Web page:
Yasuo Onishi has been a scientist in demand since the Fukushima nuclear disaster one year ago today, offering advice in a role that gives him a firsthand look at environmental cleanup in Japan.
Cleanup of the Fukushima power plant complex could take 30 or 40 years, after a magnitude-9 earthquake was followed by a tsunami with a 50-foot-high wave that caused a full meltdown at three reactors.
But there is a more immediate need to clean up land outside the power plant complex. Many of the more than 80,000 people evacuated want to return to their homes and businesses, and people who continue to live in areas with lower radioactive contamination want to rid their communities of threats.
Onishi, a chief scientist with Pacific Northwest National Laboratory in Richland, is sharing his expertise in decontamination, some of it gained as the U.S. government environmental coordinator for water and soil after the Chernobyl disaster.
In some cases, the people of Japan are not waiting for the government to act. Locals are taking over environmental cleanup, wielding radiation detectors and cleaning up their own property and community property.
"The Japanese are very eager to make the environment clean," he said. "If they can do it themselves, they will."
Onishi, who grew up in Japan, was sent to Japan shortly after the Fukushima disaster last year when the Japanese prime minister requested help.
Other PNNL scientists and engineers worked on a crisis response team last spring in Washington, D.C., or remained at the Department of Energy lab to support the team with technical analyses.
Since his first trip to Japan after the disaster, Onishi has spent months at a time there. He now is the project manager on a PNNL contract with the Japanese government to offer advice they request on a broad range of topics based on the expertise of the Department of Energy's national laboratories.
In the days following the disaster, the questions he received were on topics related to the power plant complex, such as how to transfer contaminated water from one area to another and how to treat contaminated water.
Hose-in-hose lines such as those used at Hanford to catch any leak from the inner line now are being used in Japan's cleanup efforts, he said.
Japan also has used a method that relies on zeolite to remove radioactive cesium in water, similar to a method used at Hanford to clean contaminated water in the cooling basins attached to the K reactors.
"Now the emphasis has shifted to outside of the plant," Onishi said.
Contamination spread in a plume 30 miles inland across a largely rural area that is 70 percent forest, he said.
Some of the contamination was from iodine 131, which no longer is a concern, because half of its radioactivity decays away every eight days. There also was cesium 134, with a half life of about two years, and the more worrisome cesium 137, with a half life of about 30 years.
Fortunately, the cesium has bound tightly with the clay soils in the area, Onishi said.
Even after the rainy season, almost all of the contamination has remained in the top 2 inches of the soil rather than being spread deeper by water.
For areas such as school yards, the solution has been to "flip it," he said. The top few inches of soil are scraped off and set aside. Then the clean soil beneath it is dug up so the contaminated soil can be spread in a layer and buried beneath it.
If communities have contamination above 20 millisieverts per year of radiation on direct exposure, such as in soil and on trees and houses, the Japanese government will bring in a contractor. Those areas have been evacuated. Thirteen demonstration sites have cleanup under way, with more wide scale cleanup planned for those areas to start next month.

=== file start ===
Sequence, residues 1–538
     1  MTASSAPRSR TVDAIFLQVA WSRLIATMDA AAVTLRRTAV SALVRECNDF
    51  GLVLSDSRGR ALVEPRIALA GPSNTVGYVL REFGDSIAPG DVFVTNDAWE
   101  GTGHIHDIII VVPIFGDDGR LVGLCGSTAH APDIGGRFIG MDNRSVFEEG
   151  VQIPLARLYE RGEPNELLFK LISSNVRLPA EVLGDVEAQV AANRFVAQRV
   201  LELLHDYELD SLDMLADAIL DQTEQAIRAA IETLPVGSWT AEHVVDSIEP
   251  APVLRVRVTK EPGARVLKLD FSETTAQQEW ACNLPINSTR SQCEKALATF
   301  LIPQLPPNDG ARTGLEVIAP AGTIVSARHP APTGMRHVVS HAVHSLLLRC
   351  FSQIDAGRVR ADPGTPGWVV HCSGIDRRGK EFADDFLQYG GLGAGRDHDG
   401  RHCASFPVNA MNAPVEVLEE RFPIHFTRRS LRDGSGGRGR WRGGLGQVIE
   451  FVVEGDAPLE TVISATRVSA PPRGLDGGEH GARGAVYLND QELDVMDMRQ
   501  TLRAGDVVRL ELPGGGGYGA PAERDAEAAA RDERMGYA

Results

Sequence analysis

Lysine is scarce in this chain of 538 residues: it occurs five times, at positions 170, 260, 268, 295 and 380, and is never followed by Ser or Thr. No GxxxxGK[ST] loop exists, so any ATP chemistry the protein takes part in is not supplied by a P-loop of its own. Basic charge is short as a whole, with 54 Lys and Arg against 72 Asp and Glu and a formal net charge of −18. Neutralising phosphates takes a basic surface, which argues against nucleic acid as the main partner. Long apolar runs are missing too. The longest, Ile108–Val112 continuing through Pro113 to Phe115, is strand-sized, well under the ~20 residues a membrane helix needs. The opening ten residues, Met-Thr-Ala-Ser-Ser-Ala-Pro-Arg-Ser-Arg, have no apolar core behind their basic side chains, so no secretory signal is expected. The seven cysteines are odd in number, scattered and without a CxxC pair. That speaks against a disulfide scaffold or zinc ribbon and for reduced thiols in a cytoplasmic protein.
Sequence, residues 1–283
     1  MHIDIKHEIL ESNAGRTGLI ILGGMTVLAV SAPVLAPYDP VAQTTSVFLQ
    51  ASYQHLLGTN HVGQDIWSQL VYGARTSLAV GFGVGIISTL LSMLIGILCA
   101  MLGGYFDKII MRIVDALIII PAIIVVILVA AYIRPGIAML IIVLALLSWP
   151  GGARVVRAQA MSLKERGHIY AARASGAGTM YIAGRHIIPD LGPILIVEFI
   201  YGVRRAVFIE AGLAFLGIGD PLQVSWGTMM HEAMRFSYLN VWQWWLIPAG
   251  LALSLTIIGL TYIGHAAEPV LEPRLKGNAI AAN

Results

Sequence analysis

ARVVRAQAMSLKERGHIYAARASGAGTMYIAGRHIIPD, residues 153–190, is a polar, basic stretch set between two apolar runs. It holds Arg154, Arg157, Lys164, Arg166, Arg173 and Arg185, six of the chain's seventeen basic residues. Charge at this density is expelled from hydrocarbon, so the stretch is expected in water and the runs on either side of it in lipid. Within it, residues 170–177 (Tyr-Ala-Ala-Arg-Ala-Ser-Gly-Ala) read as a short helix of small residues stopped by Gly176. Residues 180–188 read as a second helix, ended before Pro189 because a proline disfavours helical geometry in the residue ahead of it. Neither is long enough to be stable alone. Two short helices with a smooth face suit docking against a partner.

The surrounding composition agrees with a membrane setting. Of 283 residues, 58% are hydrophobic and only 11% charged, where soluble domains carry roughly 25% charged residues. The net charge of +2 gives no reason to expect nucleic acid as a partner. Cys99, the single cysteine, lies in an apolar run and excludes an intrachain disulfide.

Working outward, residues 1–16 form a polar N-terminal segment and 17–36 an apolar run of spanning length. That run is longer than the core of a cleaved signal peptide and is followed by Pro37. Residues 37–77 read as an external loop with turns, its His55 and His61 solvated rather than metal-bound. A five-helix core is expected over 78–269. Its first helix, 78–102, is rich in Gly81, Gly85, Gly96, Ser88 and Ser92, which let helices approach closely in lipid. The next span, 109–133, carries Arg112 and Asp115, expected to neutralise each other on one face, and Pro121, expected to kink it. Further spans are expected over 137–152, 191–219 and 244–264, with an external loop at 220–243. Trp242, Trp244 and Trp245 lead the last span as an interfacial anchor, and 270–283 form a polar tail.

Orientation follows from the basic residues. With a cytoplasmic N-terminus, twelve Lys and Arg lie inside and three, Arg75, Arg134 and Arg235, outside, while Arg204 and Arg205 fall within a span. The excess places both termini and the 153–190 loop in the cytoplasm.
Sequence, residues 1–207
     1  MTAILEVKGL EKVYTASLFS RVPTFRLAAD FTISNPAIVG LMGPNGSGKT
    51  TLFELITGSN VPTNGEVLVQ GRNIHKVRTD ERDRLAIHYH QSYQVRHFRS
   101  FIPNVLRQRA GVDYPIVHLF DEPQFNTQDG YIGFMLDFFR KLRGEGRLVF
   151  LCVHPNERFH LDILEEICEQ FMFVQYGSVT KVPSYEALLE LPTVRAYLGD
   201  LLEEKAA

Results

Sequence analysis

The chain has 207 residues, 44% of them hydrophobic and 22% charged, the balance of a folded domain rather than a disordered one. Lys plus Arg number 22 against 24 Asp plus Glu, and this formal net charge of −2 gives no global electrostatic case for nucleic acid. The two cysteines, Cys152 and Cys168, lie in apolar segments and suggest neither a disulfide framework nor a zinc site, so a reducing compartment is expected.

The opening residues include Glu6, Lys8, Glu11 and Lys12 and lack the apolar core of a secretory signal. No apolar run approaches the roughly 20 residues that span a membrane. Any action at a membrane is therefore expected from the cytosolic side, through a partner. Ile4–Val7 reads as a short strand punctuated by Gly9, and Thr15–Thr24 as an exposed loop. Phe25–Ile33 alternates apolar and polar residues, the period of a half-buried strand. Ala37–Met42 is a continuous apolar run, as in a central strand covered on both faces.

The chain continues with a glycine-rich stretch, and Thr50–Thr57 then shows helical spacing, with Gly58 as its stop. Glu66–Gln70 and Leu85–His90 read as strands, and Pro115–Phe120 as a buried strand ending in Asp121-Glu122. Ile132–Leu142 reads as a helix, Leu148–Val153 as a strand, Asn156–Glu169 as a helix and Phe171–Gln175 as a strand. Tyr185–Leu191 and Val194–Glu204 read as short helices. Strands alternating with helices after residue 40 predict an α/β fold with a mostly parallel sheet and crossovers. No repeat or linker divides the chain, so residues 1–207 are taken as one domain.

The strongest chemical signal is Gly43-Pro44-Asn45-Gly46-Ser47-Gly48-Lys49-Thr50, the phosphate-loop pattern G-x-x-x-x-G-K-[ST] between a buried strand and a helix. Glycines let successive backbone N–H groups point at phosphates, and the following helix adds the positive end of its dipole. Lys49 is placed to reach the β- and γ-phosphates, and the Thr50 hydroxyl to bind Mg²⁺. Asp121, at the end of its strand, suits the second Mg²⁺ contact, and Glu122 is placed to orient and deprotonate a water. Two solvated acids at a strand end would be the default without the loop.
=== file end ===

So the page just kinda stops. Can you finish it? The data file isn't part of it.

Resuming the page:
For lower amounts of contamination, local governments are doing cleanup themselves and billing the central government.
The goal is to reduce contamination levels to 1 millisievert a year on direct exposure, which is about half as much as the average background radiation exposure a person would receive in everyday activities.
Weeds and ground cover are being mowed to remove vegetation that may be contaminated and fallen leaves are being collected. Low hanging tree branches are being cut off and moss removed.
Onishi has been working with officials on how to clean roofs and outer walls of buildings using high-pressure water jets. The soil where the contaminated water lands can then be removed. He also has suggesting ways to pressure wash or sandblast roads.
Homeowners are using the same techniques on their property, washing their homes with high-pressure water sprays and mowing vegetation.
One day he advised as community members cleaned the contaminated water in a Fukushima City swimming pool, putting zeolite in the water to sop up cesium.
The contamination in the forests presents a more difficult problem, particularly because much of the land is steep.
One suggestion has been to put in settling ponds to collect water in the streams that run off the hillsides, Onishi said.
Many other cleanup issues remain. Onishi's photographs show tall piles of bagged contaminated waste piled along roadways as communities store the waste until there is a way to dispose of it. Soil at farms where rice is grown also must be restored before the land is taken over by trees and other vegetation.
But not all of Onishi's advice has been technical. He has seen the advantages at Hanford and elsewhere in getting the public involved in discussions of environmental cleanup issues. Knowledge can help reduce fear, he said.
"We recommend bringing in local people as early as possible," he said. "It seems like it takes longer, but in the end it is faster."
-- Annette Cary: 582-1533; firstname.lastname@example.org; more Hanford news at hanfordnews.com